Episode 85 is all about putting things off, doing stuff later, and getting around to it at some point.
In a word: procrastination.
I have to say that the most requested topic I’ve gotten recently – So you better believe that I want to do the topic justice. When I dove into the research on procrastination, scratching the surface turned into a full on avalanche. Decades of research has been conducted on procrastination, so instead of cramming it all into 45-ish minutes and leaving out a lot, or recording a mammoth 3 hour episode, instead, I’m breaking it down into smaller, more manageable pieces. Three to be exact.
Welcome to the very first It’s About Time 3 Part series on procrastination.
Procrastination: A Three-Part Series
First – in today’s episode, Part 1: I’ll share 5 things you need to know about procrastination.
Next week, in Part 2: You’ll learn WHY we procrastinate and walk away with 5 questions you should ask yourself whenever you feel like putting something off.
And finally in Part 3 – I’ll share specific strategies that you can use to get things done whenever you feel like doing it later.
So Part 1 is the what – What you need to know about procrastination, Part 2 is the Why. Why we procrastinate, and part 3 is the How. As in, wow to combat procrastination.
What. Why and How. And I’m super excited to dig into each piece of this procrastination puzzle with you.
In This Episode
So today – in part one, we’re talking about
Five things you need to know about procrastination
How laziness fits into the equation
Four procrastination personality types
Procrastination as a symptom for underlying medical conditions
01. You should know that everybody does it.
Everybody does it – Studies on procrastination have found that 95% of us procrastinate to some degree. And if you’re in the 5% that never procrastinates, please send me a DM on instagram and tell me who you are so I can interview you for a future episode of It’s About Time and ask you a LOT of questions.
So why is this important to know? Well, I want to start off by making sure that you know that you’re not alone. As someone who is definitely in that 95% I know that procrastination can also come with shame and negative self-talk. We know we’re putting something off, which can give us feelings of both relief because we’re not doing that thing, but also guilt and shame because we know we’re not doing what we’re supposed to be doing. This can kick off a shame spiral.
What is a Shame Spiral?
First coined by clinical psychologist Gershen Kaufman in his 1992 book Shame: The Power of Caring, shame spirals are triggered by an unsettling event.
And if you’re not familiar with the term, a Shame Spiral is when we feel shame for something small, which then leads us to ruminate and become consumed with thoughts of shame for other things, and it spirals out of control.
It sucks. Trust me. I know. I’ve been there.
You’re putting something off. And then you get irritated with yourself for putting something off. And then you get mad at yourself because you’re always putting things off even though you know better. And then you’re upset with yourself because you can never do what you set out to do even though you want to do it, and then the spiral continues into a pit of negativity.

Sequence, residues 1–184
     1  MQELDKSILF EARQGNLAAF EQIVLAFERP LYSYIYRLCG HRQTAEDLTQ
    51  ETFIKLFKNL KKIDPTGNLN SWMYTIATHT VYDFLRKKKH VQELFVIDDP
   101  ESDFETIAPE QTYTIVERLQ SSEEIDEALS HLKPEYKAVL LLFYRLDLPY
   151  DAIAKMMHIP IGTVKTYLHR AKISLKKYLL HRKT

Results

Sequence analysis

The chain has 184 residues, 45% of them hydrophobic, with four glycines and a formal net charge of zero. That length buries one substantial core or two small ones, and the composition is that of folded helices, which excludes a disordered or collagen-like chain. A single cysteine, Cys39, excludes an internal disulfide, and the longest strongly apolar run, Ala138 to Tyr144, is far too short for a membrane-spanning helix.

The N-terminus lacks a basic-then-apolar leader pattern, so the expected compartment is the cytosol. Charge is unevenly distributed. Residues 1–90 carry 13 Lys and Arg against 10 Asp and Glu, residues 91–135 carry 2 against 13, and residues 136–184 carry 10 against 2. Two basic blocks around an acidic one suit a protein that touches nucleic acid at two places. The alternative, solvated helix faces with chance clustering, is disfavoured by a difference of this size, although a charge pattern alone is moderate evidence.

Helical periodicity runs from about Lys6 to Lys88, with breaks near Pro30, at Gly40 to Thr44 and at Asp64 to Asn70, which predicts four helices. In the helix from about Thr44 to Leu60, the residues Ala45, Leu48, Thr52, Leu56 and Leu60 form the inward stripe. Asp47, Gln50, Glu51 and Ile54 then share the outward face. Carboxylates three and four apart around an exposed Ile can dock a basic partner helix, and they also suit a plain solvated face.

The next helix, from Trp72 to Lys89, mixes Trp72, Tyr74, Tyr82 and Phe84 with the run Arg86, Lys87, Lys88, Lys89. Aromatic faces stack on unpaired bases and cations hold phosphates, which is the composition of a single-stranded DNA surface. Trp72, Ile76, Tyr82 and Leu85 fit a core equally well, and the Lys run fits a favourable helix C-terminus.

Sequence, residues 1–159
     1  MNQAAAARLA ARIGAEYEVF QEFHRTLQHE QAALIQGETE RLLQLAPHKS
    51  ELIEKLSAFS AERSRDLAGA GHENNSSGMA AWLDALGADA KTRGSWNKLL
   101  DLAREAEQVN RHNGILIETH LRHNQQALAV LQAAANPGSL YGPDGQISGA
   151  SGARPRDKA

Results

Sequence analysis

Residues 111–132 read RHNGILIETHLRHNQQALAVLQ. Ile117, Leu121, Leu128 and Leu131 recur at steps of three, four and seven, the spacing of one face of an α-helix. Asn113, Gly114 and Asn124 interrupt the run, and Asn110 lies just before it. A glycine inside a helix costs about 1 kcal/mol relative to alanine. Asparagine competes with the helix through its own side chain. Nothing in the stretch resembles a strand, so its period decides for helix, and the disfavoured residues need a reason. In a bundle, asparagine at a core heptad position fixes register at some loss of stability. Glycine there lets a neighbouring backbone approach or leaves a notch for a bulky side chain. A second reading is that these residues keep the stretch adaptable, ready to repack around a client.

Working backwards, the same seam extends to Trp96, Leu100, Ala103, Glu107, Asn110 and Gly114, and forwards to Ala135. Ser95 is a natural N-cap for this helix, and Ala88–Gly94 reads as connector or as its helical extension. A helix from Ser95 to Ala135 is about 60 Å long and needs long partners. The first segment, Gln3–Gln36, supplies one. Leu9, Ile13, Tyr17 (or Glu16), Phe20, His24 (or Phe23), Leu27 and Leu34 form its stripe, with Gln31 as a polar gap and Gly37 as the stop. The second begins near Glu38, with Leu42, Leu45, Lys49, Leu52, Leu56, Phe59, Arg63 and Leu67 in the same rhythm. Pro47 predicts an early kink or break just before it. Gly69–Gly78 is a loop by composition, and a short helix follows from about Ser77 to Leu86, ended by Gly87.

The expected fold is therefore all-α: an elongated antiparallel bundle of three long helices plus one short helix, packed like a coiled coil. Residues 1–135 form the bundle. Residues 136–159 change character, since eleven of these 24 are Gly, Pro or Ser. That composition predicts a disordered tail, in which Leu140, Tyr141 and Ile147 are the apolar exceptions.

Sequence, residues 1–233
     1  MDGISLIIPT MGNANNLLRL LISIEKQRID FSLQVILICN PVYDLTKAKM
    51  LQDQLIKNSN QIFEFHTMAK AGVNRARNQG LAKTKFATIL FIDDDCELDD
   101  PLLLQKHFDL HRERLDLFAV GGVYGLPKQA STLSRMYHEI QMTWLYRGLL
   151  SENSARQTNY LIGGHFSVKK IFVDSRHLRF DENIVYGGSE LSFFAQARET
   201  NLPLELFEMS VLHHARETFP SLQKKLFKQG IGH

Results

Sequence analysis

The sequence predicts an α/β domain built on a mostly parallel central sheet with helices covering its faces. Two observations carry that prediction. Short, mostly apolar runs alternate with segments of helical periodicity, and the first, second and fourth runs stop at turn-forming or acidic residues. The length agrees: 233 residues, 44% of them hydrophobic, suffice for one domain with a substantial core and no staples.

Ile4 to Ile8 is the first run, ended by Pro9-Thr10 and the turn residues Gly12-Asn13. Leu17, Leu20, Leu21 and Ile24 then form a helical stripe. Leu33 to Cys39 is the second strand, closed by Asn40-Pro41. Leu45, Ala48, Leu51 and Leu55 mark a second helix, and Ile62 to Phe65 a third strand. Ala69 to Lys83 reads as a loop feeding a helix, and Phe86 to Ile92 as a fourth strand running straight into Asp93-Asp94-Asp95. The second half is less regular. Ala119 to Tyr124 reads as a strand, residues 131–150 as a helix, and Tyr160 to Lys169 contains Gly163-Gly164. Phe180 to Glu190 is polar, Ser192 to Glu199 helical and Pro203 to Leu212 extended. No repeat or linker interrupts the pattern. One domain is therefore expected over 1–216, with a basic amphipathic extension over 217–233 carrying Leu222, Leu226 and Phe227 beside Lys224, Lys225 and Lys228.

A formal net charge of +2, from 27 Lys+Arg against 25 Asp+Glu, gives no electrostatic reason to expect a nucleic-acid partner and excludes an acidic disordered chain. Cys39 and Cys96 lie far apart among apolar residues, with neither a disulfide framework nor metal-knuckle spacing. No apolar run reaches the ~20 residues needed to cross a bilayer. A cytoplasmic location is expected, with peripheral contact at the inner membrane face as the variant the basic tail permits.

You start to think that other people are better than you because they don’t procrastinate like you do, and maybe you’ll never be successful because all you do is procrastinate. You start to believe that you’re falling behind because you can’t do things when you need to.
95% – Basically everyone procrastinates in some way. You are not alone. It’s okay. Okay? Procrastinating is totally normal and you know what – it doesn’t mean you’re lazy either.
But it might.
That brings us to the second thing you need to know about procrastination.
02. You should know that procrastination and laziness are actually not the same thing, even though they’re often used interchangeably.
One of the things that often sets off that shame spiral we just talked about is the belief that procrastination means we’re inherently lazy, and that’s just not the case. Let’s look at procrastination and laziness separately.
Procrastination is choosing to put something off or do something else instead of the thing. Procrastination is an action.
Laziness, on the other hand, is an unwillingness to put in the effort to do something, whether that’s to achieve a goal or tackle something on your to do list. This is really simplifying the concept of laziness, but it’s more of a feeling.
Procrastination v. Laziness
Procrastination is an action, laziness is a feeling, an unwillingness.
And While procrastination and laziness are not the same thing, laziness is sometimes – but not always – the cause for procrastination. And it’s that But Not Always that we really need to keep in mind.
Part 2 of our procrastination series is going to take a much deeper look at why we procrastinate, but for now – just know that laziness is sometimes the cause but it is definitely not the only cause of procrastination.
Not even close.
03. You should know that, although we get down on ourselves for procrastinating, there are actually some benefits to procrastination.
Here are three of those benefits:
Pressure breeds performance
First of all, when you put something off til the last minute, Parkinson’s Law kicks in. You might have heard me mention Parkinson’s Law before. Basically Parkinson’s Law states that work expands to fill the time allotted. If you give yourself 2 weeks to put together a report, it’ll probably take you the full two weeks. If you give yourself 2 hours, you’ll probably find a way to make it work in two hours.
This is because there’s no such thing as perfect, so there is literally always something that can be added, cut, edited, tweaked, fixed, or messed with on the endless and impossible road to perfection.
So, when you procrastinate and wait until the last minute, you typically get a boost of adrenaline, focus, work quickly and you lower your expectations. And Perfectionism tends to go out the window because you’ve just got to get it done.
If you’ve ever said “I totally thrive under pressure,” then you know exactly what this feels like.
Better Decision Making
A second benefit to putting things off? It can help you make better decisions. Sometimes in the process of procrastinating, you uncover new information, think about something in a new light or shift your priorities. Sometimes you simmer down and instead of making an irrational, emotional response – you’re able to put some logic on it. You know the advice to “sleep on it” before making a big decision? That’s actually a great example of a good kind of procrastination.